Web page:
Slow lorises are the protectors of the forest. They love to eat pollen from Calliandra flowers and gum from the jiengjeng trees. They have big teeth that are useful to not only protect the forest, but also help the farmers by eating the pests off of their crops. Slow lorises should be protected because they are special and have toxic venom. If you catch a loris, you will go to jail for 5 years. Even though they are already protected by the government, we should protect them more.”

Professor Nekaris continued: “By asking children to write their own creative stories, we could truly see what they learned. We could also see that they clearly read the book in their homes and sought information from adults on what they could do to help the slow loris.”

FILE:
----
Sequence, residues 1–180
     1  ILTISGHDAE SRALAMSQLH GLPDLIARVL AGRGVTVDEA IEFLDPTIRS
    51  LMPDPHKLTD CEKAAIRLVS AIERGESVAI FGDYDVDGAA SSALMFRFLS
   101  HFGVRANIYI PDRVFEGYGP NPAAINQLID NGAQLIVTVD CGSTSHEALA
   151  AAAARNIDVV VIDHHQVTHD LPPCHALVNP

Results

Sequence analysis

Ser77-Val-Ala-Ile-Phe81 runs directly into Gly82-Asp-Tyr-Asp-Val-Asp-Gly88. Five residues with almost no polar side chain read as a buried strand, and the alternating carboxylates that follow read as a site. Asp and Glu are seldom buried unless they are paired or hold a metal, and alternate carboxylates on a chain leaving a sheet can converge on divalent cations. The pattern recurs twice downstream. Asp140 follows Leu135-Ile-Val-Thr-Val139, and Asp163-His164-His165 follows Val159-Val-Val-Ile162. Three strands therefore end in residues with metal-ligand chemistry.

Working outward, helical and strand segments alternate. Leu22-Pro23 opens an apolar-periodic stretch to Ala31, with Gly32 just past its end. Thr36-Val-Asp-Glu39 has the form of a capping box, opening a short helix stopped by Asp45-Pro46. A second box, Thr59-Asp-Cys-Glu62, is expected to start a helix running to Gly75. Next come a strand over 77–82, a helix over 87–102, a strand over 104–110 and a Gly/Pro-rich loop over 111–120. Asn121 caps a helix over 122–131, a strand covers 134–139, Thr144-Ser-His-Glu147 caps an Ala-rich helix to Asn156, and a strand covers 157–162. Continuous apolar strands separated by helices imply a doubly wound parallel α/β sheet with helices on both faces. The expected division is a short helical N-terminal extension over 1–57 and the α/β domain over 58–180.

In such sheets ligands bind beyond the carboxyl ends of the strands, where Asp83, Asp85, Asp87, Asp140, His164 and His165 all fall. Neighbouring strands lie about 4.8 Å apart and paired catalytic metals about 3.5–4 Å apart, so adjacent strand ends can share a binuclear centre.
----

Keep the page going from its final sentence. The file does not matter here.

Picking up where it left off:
Co-author of the study Denise Span, who led many of the teaching sessions, commented: “The drawings in the book were so magical, it was easy for the children to become engaged. We were very careful not to mention any threats to slow lorises, but kept the entire first session positive so that children could immerse themselves in the knowledge of this animal they were learning about for the first time.”

Indonesian co-author from Gadjah Mada University, Muhammad Ali Imron, notes that this novel approach of assessing conservation education programmes can make a substantial contribution to the Indonesian government, NGOs and Universities. Imron said: “This multi-disciplinary approach to conservation programmes was overlooked by many conservation initiatives in countries that face many threats to their endangered species, such as Indonesia. We have so many conservation education programmes but until now, evaluation has been limited.”